Wednesday, February 01, 2017
New Era, Enduring Mission
Not a day has gone by in the last month that I haven't had a conversation about our new President, and implicit or explicit in those conversations is my own ongoing inner dialogue about the role of the City Club in what is undeniably a new era, one defined by what Ross Douthat of The New York Times frequently refers in his columns to as Trumpism. While the President’s goals are still being developed, we still have a citadel of free speech to run here, so we're going to keep doing that. The purpose of this post is simply to share with you, our members and the broader community we serve, what we're doing, why we're doing it, and how we're doing it. There are three big themes that we keep coming back to.
Letting our Free Speech Flag Fly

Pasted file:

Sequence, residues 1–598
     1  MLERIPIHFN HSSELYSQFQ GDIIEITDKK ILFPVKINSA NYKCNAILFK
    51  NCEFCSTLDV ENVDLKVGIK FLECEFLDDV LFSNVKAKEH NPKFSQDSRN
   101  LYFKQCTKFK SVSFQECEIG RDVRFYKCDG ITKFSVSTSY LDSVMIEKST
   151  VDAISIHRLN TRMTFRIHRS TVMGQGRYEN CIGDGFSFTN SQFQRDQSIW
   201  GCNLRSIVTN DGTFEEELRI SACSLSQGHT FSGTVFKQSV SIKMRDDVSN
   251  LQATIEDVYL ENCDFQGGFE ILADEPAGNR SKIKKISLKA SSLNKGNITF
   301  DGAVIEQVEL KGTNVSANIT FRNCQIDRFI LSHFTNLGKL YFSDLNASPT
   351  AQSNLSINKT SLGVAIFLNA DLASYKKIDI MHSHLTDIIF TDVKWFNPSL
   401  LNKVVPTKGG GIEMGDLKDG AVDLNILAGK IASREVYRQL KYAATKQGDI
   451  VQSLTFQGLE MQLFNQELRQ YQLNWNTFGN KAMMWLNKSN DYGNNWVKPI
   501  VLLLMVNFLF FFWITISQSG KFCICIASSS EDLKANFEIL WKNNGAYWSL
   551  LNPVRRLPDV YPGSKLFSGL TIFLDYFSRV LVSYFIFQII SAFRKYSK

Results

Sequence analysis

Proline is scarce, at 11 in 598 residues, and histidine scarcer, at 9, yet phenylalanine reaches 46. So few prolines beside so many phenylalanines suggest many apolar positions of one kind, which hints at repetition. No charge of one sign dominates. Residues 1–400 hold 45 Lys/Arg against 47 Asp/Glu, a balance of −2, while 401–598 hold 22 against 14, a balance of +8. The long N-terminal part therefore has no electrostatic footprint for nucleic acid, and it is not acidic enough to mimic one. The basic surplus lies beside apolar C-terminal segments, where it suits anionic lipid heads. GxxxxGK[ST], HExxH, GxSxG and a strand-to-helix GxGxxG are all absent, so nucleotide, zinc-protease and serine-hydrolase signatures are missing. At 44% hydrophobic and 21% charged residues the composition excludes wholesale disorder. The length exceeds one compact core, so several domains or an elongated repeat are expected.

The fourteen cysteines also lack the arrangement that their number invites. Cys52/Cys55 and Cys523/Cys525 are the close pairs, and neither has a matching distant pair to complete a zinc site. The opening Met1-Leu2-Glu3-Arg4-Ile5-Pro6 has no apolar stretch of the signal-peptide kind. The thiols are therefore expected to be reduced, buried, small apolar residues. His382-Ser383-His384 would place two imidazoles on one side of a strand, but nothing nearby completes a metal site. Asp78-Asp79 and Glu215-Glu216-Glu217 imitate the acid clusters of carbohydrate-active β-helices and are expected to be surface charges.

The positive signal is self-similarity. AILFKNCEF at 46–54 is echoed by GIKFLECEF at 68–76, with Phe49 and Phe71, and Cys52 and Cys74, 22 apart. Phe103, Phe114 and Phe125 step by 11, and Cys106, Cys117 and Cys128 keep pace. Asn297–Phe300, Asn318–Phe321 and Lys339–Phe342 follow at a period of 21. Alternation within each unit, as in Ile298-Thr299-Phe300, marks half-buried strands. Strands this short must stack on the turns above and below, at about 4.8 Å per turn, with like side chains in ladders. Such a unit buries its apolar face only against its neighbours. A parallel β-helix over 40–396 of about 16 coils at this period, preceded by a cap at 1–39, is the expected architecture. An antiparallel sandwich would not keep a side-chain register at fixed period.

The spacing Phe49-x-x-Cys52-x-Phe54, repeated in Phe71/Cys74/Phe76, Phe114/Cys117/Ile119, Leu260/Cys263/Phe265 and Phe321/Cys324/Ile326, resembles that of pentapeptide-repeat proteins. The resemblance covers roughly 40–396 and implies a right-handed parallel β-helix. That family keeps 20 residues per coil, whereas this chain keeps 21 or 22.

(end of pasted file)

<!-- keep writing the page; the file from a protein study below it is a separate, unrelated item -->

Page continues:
I love that it's the first amendment in the Bill of Rights that is the one devoted to freedom of speech (and the press and religion and assembly). Thanks, Madison! This devotion to freedom of expression is part of our nation's DNA and is our organization's highest calling. There's an instructive story to share that local author Carol Poh described in our 2014 history A Century of Free Speech at The City Club of Cleveland about the moment when noted Socialist Party leader Eugene Debs almost spoke at the City Club.